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This is the queen. The male she was mating with is in the lower right corner. Note the second male trying to mate with her in the background. Note also that her legs are not in contact with the leaf; she was essentially held by the male.

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And here is a view of the act of mating, showing the male in the foreground holding on to the queen. Using these photos and the identification guide to the Vespinae I came to the conclusion that these are Vespula pensylvanica Saussure.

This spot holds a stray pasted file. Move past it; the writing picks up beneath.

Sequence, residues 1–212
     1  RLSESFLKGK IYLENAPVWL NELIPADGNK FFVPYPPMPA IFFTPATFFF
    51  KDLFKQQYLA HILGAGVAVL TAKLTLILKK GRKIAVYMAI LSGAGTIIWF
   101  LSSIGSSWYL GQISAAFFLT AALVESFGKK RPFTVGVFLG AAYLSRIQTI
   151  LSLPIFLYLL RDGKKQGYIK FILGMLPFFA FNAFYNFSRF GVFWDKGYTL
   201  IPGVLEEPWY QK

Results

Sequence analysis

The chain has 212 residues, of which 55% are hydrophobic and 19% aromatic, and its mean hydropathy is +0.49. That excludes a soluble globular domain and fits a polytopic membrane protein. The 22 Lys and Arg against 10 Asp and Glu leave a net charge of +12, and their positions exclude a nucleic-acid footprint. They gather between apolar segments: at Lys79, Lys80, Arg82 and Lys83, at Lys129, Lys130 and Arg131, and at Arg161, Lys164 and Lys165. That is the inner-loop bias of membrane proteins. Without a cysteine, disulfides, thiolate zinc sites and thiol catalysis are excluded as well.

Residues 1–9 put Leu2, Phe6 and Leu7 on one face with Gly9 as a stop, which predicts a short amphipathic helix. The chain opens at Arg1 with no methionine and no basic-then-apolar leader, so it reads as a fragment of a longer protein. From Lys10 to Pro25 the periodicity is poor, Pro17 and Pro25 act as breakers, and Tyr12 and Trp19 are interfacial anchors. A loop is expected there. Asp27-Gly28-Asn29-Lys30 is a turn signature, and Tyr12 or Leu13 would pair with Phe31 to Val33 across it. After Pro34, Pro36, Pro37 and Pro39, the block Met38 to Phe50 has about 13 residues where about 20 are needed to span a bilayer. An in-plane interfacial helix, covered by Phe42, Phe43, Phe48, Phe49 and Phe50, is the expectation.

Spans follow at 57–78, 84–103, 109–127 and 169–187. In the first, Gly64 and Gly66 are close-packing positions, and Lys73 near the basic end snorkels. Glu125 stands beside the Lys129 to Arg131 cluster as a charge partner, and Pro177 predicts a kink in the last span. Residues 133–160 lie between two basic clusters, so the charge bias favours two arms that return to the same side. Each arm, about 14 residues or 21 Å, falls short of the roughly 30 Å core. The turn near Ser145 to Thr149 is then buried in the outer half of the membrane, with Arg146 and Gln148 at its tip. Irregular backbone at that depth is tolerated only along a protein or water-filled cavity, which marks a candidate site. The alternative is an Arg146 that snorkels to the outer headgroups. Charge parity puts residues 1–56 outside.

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Sabrina Rochefort – winner of the President’s Prize for best poster

At the recent ESC/ESS JAM in Saskatoon, not only were we treated to some great science and camaraderie, but the beloved institution of the President’s Prize sessions for student talks and posters provided some of the most stimulating and exciting times. This was my first year not being in the competition, and I would like to offer my views on the subject.

1) The President’s Prize encourages excellence: Students are definitely motivated to deliver polished and professional presentations in the hopes that their efforts will be recognized publicly. This reaches further than the conference, to encourage students to vet their talks and posters within their laboratories and departments in formal and informal settings in order to make the best presentation possible. This can only be a good thing.